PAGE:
These offences included smoking, defrauding the Company by failing to buy a ticket or using an expired or incorrect ticket, or drinking alcohol on Railway Premises. For the staff, however, the system of checks and balances was via fines and bonuses - but more usually the latter.
The Liverpool & Manchester published it's first Rule Book in 1835, with new editions appearing in 1839 and again in 1840: the latter updated in the light of the General Railway Conference which produced a universal system of signalling, largely based on the practice of the Liverpool & Manchester.
The 1839 Rule Book provides the following examples of punishments to warn employees about breaking the rules:
H. H., engineman of the Milo engine, for running carelessly against a train on Whiston incline-plane, and thereby doing considerable damage; to be suspended three days and fined ten shillings.
Railway Office, 1st March, 1837.
H. H., engineman, W. L., fireman, of the Eclipse engine, with luggage-train. This train followed the six o’clock blue coach-train from Manchester, on Saturday evening, and near Bury Lane ran violently against a coach-train, by which several passengers were seriously hurt, and two first-class coaches much damaged; for this act of gross carelessness, the Directors order that H. H, and W. L. be discharged.
6th Feb. 1837.
J. H., engineman of the Cyclops, bank-engine, for propelling a train of goods on the level-way (on Friday morning, the 16th of June), contrary to the orders of the Directors : discharged from the service of the Company.—-By order of the Directors.
Railway Office, 17th June, 1837.
N.B.—-Every overlooker, engineman, guard, policeman, and gateman employed in the Liverpool and Manchester Railway, shall keep a copy of these rules constantly on his person, under a penalty of a fine of five shillings—By order of the Directors.
Michael Reynolds, locomotive superintendent of the London, Brighton & South Coast Railway provides the following interesting list of fines in his book Engine Driving Life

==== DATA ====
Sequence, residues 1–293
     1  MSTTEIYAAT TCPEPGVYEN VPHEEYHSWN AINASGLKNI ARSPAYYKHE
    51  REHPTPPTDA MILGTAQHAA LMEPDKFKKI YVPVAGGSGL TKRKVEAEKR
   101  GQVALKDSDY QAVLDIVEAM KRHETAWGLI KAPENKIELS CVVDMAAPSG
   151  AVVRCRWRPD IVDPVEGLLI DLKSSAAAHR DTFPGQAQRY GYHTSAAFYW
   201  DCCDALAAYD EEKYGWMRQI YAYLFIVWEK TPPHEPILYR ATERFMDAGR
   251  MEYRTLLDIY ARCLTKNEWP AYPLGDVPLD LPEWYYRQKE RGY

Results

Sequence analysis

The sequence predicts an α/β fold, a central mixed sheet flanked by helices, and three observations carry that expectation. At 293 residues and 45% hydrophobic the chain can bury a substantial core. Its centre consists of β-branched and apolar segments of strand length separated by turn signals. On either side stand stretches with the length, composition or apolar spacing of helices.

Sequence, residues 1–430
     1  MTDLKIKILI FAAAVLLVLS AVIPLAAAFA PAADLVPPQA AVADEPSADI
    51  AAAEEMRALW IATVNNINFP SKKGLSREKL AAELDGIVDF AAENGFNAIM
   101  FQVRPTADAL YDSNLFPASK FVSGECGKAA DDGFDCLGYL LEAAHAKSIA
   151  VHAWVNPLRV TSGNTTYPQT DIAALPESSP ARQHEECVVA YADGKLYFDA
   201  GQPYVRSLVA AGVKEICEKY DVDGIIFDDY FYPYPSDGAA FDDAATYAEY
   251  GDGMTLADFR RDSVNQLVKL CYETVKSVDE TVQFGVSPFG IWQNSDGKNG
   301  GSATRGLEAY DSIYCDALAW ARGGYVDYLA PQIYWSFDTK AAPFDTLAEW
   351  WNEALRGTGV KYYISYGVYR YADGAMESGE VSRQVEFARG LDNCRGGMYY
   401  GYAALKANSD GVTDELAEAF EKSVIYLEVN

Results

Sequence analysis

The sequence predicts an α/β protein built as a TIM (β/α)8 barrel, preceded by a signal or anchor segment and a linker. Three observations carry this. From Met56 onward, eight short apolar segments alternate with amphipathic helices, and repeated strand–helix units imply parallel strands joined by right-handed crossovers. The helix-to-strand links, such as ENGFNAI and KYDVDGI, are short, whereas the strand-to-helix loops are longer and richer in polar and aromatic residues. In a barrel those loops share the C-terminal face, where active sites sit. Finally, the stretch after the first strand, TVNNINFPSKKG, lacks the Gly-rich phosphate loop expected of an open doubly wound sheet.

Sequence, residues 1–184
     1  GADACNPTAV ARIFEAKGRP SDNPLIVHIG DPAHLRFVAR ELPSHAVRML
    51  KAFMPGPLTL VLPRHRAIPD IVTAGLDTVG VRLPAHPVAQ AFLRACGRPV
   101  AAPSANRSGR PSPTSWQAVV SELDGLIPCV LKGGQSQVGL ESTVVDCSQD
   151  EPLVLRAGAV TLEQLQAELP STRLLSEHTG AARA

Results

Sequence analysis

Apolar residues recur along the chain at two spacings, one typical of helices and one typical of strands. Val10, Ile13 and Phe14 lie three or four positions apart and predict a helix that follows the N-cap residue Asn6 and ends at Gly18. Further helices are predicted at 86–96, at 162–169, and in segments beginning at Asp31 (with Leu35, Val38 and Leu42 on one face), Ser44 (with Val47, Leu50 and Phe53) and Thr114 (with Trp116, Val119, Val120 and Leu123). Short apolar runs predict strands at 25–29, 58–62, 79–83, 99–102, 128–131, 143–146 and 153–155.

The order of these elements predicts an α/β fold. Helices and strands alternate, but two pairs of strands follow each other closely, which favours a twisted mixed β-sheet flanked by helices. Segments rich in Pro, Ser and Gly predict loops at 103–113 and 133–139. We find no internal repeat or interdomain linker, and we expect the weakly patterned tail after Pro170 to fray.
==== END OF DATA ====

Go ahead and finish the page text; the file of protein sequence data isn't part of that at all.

Fined, two pounds for locking the safety-valves of his engine.
Fined, one day's pay, for stopping on the road to clean the tubes.
Fined, one day's pay for running through closed gates.
Fined, one days' pay for threatening to throw his fireman off the engine.
Fined, one pound, for having a stanger on the engine.
Fined, half a crown (2' 6d) for smoke nuissance.
Fined, five shillings, for bringing a pig 150 miles without permission.
Fined, one shilling, for breaking a coupling.
Fined, a day's pay for running over three horses, and not reporting it.
An Engineman on the LBSCR would earn 7s per day - 35 bob a week thereabouts - a pretty decent wage, about twice that of an adult male working in a mill, but equal to a skilled labourer or artisan in the major industrial centres.
It's clear that the most serious offence was the most dangerous: interfering with the safety valves. On the Liverpool & Manchester Railway - and all railways subsequently - locomotives had to be fitted with two safety valves, one which was out of the reach of the Engineman and was tamper-proof. Usually, boilers were hydraulically tested to twice or three times (the latter on the Liverpool & Mancheste) working pressure. Wrought iron boilers, made from several small plates were prone to internal corrosion, and it was difficult to carry out an internal inspection by a guttering flare lamp. The Directors of the LBSCR took this as a very serious offence - which indeed it was - docking the driver over a weeks' pay. Other offences whilst serious in themselves did not affect the safety of the train or engine, but rather caused delays, and therefore profits.